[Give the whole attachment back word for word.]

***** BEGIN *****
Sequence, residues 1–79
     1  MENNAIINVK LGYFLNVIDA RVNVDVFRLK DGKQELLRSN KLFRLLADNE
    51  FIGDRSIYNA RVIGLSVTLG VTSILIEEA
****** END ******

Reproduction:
Sequence, residues 1–79
     1  MENNAIINVK LGYFLNVIDA RVNVDVFRLK DGKQELLRSN KLFRLLADNE
    51  FIGDRSIYNA RVIGLSVTLG VTSILIEEA